Eminent domain litigation can be expensive.  Not just the cost of acquiring the property (which is valued based on its highest and best use, and the "highest price" a willing buyer would pay), but the attorneys' fees, expert appraisal fees, and court costs all add up as well.  We're seeing the impact of such costs in the City of Adelanto, where the City has changed course on its plans to acquire a property by eminent domain.  

According to Brooke Self's article in the Victorville Daily Press, Adelanto halts eminent domain efforts, the City of Adelanto once planned to use eminent domain to ...

Posted in Redevelopment

Despite being destroyed and dismantled, redevelopment in California has been born once again, this time reincarnated under the name of "Infrastructure Financing Districts."  Last week, Governor Brown signed into law AB 471, which amends section 53395.4 of the California Government Code to allow infrastructure financing districts to finance a project or portion of a project located within a redevelopment project area or former redevelopment project area.

Infrastructure financing district law now provides a mechanism to finance projects that would have otherwise ...

Posted in Right to Take

It's not too often you see one government agency threaten another agency with eminent domain.  But it does happen.  A recent article by Barbara Henry in the U-T San Diego, Encinitas has few options on Pacific View site, highlights on such dispute taking place right now.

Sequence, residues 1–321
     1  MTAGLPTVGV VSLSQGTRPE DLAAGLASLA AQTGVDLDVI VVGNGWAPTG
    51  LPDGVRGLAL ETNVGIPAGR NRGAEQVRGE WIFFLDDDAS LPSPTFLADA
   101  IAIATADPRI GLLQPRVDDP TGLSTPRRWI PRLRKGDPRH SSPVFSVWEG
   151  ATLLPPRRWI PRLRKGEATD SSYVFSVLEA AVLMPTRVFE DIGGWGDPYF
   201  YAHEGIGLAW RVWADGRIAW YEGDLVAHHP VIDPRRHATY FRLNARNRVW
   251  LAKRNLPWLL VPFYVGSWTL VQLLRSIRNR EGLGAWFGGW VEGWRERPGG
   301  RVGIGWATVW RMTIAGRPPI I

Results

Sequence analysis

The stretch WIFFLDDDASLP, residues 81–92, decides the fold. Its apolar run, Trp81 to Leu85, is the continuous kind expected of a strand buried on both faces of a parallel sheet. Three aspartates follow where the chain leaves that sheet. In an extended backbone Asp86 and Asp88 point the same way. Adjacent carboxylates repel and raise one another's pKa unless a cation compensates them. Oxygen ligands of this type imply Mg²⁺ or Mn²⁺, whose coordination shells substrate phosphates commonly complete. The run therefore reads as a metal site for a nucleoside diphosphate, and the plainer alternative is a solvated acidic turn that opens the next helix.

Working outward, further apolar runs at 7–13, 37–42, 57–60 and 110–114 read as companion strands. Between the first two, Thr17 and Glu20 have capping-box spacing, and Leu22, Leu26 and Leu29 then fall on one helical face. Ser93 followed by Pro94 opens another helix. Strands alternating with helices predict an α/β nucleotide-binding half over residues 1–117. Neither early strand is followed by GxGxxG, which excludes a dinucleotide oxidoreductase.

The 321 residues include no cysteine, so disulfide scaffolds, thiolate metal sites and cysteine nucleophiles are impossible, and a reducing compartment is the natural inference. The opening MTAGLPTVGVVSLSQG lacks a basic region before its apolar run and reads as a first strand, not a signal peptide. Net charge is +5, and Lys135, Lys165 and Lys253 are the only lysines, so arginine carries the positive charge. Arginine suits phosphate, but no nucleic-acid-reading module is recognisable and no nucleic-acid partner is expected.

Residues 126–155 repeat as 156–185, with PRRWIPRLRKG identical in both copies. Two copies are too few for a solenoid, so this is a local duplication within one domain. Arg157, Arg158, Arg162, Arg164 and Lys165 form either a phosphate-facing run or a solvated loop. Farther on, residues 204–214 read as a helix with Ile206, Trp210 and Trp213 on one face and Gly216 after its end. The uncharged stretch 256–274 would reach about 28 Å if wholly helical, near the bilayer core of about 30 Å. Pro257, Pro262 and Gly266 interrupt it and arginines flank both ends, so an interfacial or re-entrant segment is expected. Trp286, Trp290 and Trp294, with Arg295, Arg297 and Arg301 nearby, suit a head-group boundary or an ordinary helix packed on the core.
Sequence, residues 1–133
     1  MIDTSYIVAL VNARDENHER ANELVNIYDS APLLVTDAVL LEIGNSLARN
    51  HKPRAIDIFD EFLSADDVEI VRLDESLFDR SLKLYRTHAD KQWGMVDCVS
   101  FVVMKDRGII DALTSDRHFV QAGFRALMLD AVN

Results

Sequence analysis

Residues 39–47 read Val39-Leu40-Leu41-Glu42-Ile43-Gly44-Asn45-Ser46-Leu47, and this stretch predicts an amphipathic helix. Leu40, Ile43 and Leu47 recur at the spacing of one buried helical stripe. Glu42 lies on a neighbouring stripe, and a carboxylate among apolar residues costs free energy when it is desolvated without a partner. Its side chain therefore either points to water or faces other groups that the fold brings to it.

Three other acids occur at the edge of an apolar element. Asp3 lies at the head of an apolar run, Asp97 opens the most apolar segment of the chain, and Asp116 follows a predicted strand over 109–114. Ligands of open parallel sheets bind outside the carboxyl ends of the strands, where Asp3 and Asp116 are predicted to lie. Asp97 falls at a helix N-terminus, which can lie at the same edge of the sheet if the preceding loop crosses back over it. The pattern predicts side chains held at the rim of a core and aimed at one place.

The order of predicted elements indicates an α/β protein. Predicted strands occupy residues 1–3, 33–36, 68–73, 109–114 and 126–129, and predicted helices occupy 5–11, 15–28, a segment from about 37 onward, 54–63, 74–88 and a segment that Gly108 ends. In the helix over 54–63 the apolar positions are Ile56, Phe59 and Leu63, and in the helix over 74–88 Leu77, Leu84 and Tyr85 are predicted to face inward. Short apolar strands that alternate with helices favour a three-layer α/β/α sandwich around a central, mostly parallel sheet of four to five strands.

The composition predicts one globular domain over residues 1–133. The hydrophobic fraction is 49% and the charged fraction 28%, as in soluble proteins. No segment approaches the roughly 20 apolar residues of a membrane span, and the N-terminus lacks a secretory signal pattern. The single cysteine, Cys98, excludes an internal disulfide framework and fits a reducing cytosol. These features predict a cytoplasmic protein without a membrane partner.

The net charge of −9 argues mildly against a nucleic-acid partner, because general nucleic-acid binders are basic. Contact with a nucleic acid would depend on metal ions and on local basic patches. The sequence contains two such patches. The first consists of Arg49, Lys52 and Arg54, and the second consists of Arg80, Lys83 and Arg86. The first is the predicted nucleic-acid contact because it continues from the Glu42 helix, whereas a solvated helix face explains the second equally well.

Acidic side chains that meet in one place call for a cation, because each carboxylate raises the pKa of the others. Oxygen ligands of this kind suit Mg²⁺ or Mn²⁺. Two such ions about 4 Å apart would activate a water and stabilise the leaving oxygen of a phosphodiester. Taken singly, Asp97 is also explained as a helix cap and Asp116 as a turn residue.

According to the article, the City of Encinitas very much wants to acquire the Encinitas Union School District's 2.8-acre property that formerly housed the Pacific View Elementary School.  But the School District has rejected the City's overtures, turning down a $4.3 million offer to purchase.  Instead, the School ...

Posted in Projects

California's infrastructure received another push in the right direction last week as the California Transportation Commission (CTC) allocated $152 million to 36 projects statewide -- bringing its total transportation funding for 2013 beyond the $3 billion barrier.  

Some highlights of projects receiving funding this year as 2013 winds to a close:

  • Los Angeles received (i) $26 million to improve the Port of Los Angeles, (ii) $20 million to widen the I-5 freeway from the Orange County Line to the I-5/I-605 junction, and (iii) $28 million for the Exposition Light Rail Project ...
Posted in Events